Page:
How to Determine How Many Carbs & Sugars to Eat If Diabetic


Whether you’ve recently been diagnosed with Type 1, Type 2 or gestational diabetes or are having difficulty controlling your blood sugar, determining how many carbohydrates to eat per day can be overwhelming. When you are diabetic, your pancreas is either not producing enough or any insulin or your cells are insulin resistant. Insulin is the hormone responsible for helping glucose get out of blood and into cells for energy. Your doctor has likely prescribed oral medication or insulin in order to help control your blood sugar. Diet plays an equally important role in blood sugar management so understanding carbohydrates is essential.

Things You'll Need

  • Calculator
  • Glucometer
  • Food diary
  • Blood sugar log

Calculate your Body Mass Index (BMI). Multiply your weight in pounds by 703. Divide that number by your height in inches. Divide that number again by your height in inches. Example: (143 lb. x 703)/66 inches/66 inches = 23

Determine your weight status based on your BMI. Normal: 18.5-24.9; Overweight: 25-29.9; Obese 30+.

Estimate your daily caloric intake based on your weight status. If you are normal weight you need about 1,800 to 2,000 calories per day. If you are overweight you need about 1,600 calories per day. If you are obese you need about 1,200 to 1,400 calories per day.

Multiply your caloric needs by .43. Roughly 40 to 45 percent of your calories should come from carbohydrates. Divide that number by 4 to give you the number of carbohydrate grams to eat per day as there are 4 calories per gram of carbohydrate.

Divide your daily number of carbohydrates by 15. This will give you the number of carbohydrate exchanges you are allowed per day as there are 15 grams of carbohydrate in one exchange. Example: .43 x 2000 calories = 860 calories/4 = 215 grams. 215/15 = 14 carbohydrate exchanges per day.

Plan your meals based on the number of carbohydrates you are allowed per day. Allot a certain number for breakfast, lunch, dinner and snacks. A good starting point is 45 grams (3 exchanges) for breakfast, lunch and dinner with 15 to 30 grams (1 to 2 exchanges) at snacks.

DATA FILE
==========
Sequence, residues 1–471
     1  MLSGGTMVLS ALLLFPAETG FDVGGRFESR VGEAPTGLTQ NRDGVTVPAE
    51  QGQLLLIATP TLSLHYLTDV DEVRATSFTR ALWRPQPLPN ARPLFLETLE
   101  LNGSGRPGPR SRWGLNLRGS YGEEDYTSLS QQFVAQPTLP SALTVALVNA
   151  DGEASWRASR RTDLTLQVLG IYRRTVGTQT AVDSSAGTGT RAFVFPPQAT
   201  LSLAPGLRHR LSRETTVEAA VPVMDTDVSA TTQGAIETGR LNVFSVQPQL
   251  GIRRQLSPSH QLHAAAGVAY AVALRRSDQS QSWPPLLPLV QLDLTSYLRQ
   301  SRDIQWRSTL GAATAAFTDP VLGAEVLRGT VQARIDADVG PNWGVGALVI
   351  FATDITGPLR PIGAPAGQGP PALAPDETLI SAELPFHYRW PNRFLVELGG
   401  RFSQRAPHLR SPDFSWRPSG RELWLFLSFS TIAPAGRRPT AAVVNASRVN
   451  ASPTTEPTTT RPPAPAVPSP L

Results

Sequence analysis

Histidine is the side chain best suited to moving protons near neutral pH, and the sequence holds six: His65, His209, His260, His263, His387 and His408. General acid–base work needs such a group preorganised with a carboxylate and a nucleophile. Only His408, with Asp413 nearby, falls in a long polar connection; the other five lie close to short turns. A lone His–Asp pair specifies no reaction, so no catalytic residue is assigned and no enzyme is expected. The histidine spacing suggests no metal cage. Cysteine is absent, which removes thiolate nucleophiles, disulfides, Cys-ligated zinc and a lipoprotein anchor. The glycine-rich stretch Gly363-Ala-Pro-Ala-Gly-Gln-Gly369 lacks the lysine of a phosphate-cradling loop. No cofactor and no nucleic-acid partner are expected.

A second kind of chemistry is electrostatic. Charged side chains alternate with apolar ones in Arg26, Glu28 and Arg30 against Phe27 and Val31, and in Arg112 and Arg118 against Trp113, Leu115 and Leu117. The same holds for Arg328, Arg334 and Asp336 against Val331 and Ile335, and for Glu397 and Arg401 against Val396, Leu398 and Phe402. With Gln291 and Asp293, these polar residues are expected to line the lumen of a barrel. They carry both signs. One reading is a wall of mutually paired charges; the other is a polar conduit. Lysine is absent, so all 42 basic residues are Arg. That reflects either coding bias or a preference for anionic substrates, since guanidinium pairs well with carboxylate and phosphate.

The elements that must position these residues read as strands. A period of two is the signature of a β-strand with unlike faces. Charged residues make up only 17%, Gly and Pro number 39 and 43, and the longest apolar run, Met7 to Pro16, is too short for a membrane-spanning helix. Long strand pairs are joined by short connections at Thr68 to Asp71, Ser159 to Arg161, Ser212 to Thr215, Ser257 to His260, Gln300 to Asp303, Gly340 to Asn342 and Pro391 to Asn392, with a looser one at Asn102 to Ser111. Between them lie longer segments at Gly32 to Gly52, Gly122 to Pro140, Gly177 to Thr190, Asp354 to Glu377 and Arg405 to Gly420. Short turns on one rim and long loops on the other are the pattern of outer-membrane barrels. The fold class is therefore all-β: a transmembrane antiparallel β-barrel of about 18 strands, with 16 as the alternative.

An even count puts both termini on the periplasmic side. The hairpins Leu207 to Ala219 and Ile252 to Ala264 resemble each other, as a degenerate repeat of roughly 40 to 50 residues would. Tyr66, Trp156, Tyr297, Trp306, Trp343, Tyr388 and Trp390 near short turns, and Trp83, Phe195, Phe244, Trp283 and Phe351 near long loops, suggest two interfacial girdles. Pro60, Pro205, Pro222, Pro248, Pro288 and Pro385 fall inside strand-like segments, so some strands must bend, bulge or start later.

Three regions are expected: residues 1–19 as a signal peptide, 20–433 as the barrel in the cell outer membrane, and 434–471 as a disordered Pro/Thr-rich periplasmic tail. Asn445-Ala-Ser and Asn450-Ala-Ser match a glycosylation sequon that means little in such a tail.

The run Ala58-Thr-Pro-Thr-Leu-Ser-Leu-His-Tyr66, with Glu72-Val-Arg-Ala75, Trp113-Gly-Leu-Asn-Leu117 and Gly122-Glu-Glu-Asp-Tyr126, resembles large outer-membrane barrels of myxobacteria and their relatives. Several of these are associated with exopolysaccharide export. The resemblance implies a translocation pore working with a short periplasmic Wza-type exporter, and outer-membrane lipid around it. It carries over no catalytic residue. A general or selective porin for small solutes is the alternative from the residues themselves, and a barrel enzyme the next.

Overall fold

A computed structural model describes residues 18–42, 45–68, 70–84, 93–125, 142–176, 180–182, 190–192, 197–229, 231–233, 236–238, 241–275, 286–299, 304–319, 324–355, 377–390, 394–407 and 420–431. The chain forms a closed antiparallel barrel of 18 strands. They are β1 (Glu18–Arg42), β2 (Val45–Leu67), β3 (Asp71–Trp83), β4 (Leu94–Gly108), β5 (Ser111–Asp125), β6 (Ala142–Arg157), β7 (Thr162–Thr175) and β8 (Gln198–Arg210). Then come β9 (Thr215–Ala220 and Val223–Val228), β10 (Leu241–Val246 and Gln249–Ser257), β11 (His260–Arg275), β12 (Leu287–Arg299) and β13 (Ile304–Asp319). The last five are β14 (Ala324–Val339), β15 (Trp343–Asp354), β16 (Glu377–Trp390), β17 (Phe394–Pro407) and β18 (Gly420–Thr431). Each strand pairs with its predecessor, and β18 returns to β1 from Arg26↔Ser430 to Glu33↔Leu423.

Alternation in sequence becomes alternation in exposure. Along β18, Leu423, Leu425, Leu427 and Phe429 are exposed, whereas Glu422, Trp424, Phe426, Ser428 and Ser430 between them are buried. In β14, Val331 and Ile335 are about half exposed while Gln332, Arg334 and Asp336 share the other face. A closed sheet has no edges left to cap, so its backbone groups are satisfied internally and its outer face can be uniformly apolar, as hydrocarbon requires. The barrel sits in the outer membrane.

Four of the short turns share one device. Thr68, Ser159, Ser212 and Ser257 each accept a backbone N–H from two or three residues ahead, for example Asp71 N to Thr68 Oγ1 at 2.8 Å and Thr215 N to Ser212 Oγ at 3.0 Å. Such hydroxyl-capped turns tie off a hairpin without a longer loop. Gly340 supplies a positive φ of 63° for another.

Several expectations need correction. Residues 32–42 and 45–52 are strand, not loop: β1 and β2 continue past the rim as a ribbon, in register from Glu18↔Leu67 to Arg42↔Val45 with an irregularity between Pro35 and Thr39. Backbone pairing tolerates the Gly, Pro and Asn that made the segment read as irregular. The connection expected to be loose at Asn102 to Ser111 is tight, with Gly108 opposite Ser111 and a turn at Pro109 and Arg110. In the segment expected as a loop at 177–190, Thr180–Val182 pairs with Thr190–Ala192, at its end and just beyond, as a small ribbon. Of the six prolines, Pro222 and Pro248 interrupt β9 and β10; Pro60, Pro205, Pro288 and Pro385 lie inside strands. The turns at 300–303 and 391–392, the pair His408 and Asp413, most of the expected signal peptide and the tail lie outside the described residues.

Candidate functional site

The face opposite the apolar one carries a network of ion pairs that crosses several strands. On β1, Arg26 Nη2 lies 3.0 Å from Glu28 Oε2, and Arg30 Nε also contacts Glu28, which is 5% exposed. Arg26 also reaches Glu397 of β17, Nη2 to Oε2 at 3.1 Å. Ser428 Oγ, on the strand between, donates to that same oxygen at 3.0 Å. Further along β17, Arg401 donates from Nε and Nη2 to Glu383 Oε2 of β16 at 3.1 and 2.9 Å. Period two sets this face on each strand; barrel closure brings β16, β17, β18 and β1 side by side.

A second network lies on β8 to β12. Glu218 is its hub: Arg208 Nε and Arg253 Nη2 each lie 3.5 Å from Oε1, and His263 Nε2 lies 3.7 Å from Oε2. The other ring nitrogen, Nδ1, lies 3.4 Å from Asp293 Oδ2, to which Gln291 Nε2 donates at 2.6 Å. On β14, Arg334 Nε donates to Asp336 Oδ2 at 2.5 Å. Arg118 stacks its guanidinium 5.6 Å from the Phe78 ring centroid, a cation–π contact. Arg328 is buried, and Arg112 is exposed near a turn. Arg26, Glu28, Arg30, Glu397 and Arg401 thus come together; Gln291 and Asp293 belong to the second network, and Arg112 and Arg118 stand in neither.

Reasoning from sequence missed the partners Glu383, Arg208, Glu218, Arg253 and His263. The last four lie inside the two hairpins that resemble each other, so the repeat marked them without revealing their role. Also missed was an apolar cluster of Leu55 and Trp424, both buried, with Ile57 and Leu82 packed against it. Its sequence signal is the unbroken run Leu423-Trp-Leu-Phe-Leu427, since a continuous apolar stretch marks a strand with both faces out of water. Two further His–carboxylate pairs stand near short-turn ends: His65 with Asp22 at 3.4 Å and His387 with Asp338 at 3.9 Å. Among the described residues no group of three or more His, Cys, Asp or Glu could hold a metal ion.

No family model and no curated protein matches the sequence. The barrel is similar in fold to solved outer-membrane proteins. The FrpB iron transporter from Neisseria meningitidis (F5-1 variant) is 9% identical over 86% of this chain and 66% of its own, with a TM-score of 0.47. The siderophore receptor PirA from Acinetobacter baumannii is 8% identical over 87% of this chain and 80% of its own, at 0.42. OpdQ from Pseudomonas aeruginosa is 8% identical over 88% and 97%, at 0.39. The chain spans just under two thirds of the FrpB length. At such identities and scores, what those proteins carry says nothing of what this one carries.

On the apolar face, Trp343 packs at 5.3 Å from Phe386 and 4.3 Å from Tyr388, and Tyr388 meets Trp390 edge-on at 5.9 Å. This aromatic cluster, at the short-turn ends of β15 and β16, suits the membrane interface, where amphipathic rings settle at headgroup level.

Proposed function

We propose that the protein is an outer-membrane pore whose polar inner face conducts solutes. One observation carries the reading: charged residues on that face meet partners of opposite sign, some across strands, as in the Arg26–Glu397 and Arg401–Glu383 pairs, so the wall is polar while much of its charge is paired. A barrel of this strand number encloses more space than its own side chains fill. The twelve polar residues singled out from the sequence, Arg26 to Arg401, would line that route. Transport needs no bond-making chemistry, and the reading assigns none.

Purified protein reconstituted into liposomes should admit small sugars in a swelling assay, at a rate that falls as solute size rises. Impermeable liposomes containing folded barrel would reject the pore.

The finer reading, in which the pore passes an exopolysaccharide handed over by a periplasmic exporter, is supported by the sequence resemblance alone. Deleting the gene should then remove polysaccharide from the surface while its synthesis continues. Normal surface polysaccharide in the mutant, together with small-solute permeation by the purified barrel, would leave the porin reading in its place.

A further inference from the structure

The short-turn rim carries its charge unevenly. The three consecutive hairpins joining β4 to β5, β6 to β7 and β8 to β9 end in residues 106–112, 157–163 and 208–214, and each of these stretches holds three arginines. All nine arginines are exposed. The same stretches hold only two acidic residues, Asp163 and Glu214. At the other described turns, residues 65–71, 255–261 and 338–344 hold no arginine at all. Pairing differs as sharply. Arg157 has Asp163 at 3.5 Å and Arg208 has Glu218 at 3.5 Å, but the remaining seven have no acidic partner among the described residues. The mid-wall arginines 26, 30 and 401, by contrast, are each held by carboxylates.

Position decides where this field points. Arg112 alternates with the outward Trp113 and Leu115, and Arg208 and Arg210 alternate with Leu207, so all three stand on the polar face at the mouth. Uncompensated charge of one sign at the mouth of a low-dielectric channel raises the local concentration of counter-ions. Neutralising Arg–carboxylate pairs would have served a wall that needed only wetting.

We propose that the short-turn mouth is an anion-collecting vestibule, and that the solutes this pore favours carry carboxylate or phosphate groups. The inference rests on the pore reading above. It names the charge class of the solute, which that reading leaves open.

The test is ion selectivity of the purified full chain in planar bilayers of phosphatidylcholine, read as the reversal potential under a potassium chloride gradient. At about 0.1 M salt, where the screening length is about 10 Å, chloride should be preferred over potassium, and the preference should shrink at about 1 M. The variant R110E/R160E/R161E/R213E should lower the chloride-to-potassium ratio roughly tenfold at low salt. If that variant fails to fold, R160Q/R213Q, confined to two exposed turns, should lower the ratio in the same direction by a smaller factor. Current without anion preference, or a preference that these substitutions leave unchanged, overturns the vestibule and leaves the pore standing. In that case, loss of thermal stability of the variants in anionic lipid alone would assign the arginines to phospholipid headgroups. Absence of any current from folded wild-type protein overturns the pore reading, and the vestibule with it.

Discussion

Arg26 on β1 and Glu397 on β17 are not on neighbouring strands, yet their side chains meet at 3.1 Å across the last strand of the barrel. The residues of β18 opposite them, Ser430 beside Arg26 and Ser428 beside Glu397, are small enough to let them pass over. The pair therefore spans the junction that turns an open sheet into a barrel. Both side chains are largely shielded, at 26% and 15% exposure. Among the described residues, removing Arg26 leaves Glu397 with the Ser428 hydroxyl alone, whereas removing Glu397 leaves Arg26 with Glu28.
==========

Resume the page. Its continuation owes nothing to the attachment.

Test your blood sugar two hours after you eat. If your blood sugar is above 180 mg/dL after meals, you need to reevaluate your carbohydrate portion size. If your blood sugar is above 130 mg/dL in the morning, you may need to adjust your insulin dosages.

Keep a blood sugar log and food diary. By tracking your numbers and food intake you can detect patterns and figure out what may be contributing to highs or lows.

Know your hemoglobin A1C. Your primary doctor or endocrinologist should check this every three months. Your hemoglobin A1C is an average number of how you have managed your blood sugar levels. You want this number to be less than 7 percent.

Tips & Warnings

  • Learn what carbohydrate and the exchange system are. Sugar and fiber fall under the umbrella of carbohydrates. If you get hungry increase your protein and non-starchy vegetable intake. Carbohydrate counting and blood sugar management is a highly subjective, individualized process and often takes trial and error to figure out your unique eating plan. If you are having difficulty on your own, find a registered dietitian. If your appropriate meal plan has been established and your numbers are still off, your doctor may need to adjust your medication regimen.
  • Do not skip meals, even if your blood sugar is high. Avoid blood sugar lows by planning snacks ahead. These guidelines do not apply to the pediatric population.

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